In light of these findings, the recently proposed “FODMAPs hypothesis” concerning NCG/WS would be hardly sustainable, as discussed by Zevallos [19]. As previously mentioned, FODMAPs cannot induce the inflammatory responses occurring in NCG/WS patients, but rather could contribute to “mechanically” worsen their symptoms. In general, scientific evidence seems to better support the role of ATIs as a trigger of NCG/WS, which seems likely to be an immune-mediated disorder [10].

2.3. Microbial Lipopolysaccharide, Intestinal Alkaline Phosphatase and Intestinal Permeability

TLR4 activation by ATIs resembles that induced by LPS, the strongest TLR4 agonist. In fact, TLR4 activation by ATIs is CD14-dependent and engages MyD88-mediated downstream signaling (leading to activation of NF-kB and transcriptional upregulation of proinflammatory cytokines and chemokines such as IL-8, TNFα and MCP-1), or TRIF-mediated signaling (resulting in secretion of type I interferons and RANTES) [21].
LPS is the major cell wall component of Gram negative bacteria, consisting of a hydrophobic portion (lipid A) and a hydrophilic portion (an oligosaccharidic core plus an antigenic polysaccharide called O-antigen); it is released from bacterial cell wall by shedding or bacterial lysis [57]. As opposed to ATIs, ingested and luminal LPS is usually completely inactivated by gastric acids and intestinal alkaline phosphatase (IAP) [19,20,21].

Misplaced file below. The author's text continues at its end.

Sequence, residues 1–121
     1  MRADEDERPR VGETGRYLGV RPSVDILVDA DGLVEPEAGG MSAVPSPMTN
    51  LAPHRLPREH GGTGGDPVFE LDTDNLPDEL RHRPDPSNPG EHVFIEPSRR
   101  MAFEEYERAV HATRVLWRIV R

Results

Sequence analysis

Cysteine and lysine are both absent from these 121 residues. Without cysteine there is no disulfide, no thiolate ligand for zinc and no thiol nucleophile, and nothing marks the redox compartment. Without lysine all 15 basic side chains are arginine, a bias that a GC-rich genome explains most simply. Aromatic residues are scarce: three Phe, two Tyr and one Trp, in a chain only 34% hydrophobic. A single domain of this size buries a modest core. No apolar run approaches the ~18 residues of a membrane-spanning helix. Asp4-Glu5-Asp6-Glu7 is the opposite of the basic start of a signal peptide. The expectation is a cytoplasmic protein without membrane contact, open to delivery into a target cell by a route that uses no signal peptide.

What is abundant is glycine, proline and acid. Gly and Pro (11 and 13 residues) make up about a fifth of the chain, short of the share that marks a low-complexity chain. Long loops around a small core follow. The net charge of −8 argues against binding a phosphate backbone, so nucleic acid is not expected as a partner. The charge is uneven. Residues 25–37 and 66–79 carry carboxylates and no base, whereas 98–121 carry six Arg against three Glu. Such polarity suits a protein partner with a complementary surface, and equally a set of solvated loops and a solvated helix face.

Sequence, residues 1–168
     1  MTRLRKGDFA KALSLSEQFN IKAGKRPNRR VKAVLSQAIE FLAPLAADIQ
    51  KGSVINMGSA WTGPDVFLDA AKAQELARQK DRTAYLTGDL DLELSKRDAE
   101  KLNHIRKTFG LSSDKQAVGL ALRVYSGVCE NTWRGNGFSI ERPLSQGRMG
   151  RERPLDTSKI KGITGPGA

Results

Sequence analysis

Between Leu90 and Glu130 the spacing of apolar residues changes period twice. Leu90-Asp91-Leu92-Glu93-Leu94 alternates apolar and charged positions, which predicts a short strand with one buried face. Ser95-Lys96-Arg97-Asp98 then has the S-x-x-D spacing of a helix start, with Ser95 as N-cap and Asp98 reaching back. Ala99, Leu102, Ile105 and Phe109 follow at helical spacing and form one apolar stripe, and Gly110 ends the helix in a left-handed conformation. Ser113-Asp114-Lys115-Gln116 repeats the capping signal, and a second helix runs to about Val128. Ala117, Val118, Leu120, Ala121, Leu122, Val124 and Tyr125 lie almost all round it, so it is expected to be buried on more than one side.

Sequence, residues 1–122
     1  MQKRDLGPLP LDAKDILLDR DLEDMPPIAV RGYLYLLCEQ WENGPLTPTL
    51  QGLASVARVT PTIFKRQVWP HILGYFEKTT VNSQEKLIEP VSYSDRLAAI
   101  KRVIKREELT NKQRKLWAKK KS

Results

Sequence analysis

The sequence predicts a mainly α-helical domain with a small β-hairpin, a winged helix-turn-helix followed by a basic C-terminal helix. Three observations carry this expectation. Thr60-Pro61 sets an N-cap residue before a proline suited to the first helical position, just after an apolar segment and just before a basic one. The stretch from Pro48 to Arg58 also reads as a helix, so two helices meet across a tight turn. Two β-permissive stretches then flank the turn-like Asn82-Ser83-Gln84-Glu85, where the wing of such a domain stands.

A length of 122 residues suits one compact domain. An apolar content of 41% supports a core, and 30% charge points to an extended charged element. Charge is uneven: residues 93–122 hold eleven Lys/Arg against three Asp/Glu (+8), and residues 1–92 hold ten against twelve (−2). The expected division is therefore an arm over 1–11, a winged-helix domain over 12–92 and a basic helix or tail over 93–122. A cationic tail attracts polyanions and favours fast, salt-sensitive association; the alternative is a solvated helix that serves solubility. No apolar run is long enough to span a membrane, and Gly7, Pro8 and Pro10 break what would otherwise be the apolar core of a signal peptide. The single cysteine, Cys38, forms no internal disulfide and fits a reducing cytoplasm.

The latter is an important brush-border enzyme involved in preventing intestinal inflammation and preserving the gut microbiota homeostasis. Mainly produced by the proximal small intestine epithelial cells, it is secreted both luminally and basolaterally and inactivates, by dephosphorylation, the microbial components normally present at high concentrations in the gut lumen [58,59,60,61]. In particular, IAP may play a pivotal role in the maintenance of intestinal barrier integrity by detoxification of LPS [62]. IAP is downregulated in settings where gut barrier dysfunctions are critical in the development of diseases, such as inflammatory bowel disease (IBD): low levels of IAP have been found in inflamed colonic biopsies of patients with Crohn’s disease and ulcerative colitis (UC) [63,64]. Expression levels and activity of duodenal IAP were found to be particularly low, and related to the disrupted intestinal barrier integrity, in severe cases of CD in young patients [62,65]. IAP knock-out (KO) mice show higher LPS influx to the systemic circulation [66]. Exogenous IAP supplementation prevents the development of colitis in both human and mice [67,68], and prevents LPS-induced barrier dysfunctions in vitro [58].